Tuesday, February 24, 2009

The Effects of Facebook?

There have been a couple of articles in the Daily Mail recently about the effects of the internet, specifically social networking sites, on us and children in particular.

The first was suggesting that social networking sites could produce cancer. At first glance you would probably say rubbish. However we need to dig a little deeper beyond the media headline hype.

Our bodies have evolved to be a socially interactive animal. Devoid of that element in our life can cause mental, and physical, problems. This is well documented by prisoners and hostages over the years. On the surface, social interaction via sites such as Facebook fulfills that requirement in our life. But does our body understand that?

Is our body hard-wired to determine the required social interaction as being face to face where it can receive not only words but also facial expressions and body gestures? The internet removes all of that. How many times have you misinterpreted an email, got the wrong end of the stick and reacted inappropriately?

So if you take the case of someone who's life revolves around the internet and they just don't meet anyone, how is the body going to react?

Dr David Mickel, the GP who discovered the possible cause of ME, believes that the body generates symptoms, and sometimes real illnesses, in an attempt to force a change in circumstances to rectify the life balance.

So if that's the case, maybe the theory of Facebook causing cancer may not be so far fetched.

Thankfully, for the vast majority of us, social networking sites are just a relatively small part of our life and we live, most of the time, in the real world.

The second article was a front page headline suggesting that the same social networking sites are causing our children to have remarkably short attention spans. Well if you've got this far down my blog you certainly don't suffer from that!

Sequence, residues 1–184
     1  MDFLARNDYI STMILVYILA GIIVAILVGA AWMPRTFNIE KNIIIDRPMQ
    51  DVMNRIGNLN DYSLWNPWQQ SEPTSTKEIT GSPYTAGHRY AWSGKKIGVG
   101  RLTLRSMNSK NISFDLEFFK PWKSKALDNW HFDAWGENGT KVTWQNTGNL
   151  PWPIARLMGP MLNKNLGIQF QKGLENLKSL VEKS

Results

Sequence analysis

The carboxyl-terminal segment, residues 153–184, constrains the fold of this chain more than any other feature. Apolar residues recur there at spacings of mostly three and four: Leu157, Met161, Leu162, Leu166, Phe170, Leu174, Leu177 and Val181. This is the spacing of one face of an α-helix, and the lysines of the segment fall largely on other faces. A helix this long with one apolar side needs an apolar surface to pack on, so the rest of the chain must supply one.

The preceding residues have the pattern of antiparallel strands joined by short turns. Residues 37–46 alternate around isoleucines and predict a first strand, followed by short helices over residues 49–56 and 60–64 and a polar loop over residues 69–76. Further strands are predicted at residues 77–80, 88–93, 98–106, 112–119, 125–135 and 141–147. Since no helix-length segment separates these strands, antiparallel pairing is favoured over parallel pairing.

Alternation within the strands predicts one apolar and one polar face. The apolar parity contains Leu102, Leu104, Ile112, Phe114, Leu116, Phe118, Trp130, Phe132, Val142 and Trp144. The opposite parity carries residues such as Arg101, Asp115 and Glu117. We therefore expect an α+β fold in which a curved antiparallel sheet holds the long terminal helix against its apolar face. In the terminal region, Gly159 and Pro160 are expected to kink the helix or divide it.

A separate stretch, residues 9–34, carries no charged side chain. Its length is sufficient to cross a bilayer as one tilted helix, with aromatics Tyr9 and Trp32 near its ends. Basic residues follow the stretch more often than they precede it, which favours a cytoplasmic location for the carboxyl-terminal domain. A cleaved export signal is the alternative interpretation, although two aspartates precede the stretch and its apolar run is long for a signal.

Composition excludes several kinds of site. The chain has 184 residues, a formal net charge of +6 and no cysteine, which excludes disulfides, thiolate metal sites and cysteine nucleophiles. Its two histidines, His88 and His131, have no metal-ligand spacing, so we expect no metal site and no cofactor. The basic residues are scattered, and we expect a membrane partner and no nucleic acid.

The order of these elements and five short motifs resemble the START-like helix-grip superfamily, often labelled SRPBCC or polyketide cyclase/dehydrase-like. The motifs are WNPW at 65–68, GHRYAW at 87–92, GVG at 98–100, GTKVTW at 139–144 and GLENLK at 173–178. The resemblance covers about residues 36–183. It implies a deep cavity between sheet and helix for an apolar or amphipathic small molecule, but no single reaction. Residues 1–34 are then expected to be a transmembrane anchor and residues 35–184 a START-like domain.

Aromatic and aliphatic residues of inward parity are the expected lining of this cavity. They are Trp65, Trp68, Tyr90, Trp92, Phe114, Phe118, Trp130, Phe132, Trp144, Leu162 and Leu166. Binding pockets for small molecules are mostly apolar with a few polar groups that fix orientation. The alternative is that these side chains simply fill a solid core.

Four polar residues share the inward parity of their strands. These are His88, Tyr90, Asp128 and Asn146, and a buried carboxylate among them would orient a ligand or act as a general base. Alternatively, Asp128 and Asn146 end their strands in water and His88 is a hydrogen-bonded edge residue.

In this case I think we need to look at the wider world that our children are brought up in. It's a world of short, sharp messages and multi-tasking.

Most informative programes on television are broken into micro-segments with several themes running in tandem throughout the show. Flipping backwards and forwards between them with quick updates to remind you what's happening. I find that type of programming quite frustrating as I'm used to the traditional format but it must be popular as they all use it now.

Written media has taken the same direction too. The popular press and magazines consist of snippets supported by photographic images, almost a comic style, with no real substantial essay type material.

And then, of course, there is texting. Rapid, word truncated, conversations that are conducted whilst doing something else.

So is Facebook causing the problem? I doubt it. I think it's more about the new world we live in - good or bad is up to you to decide.

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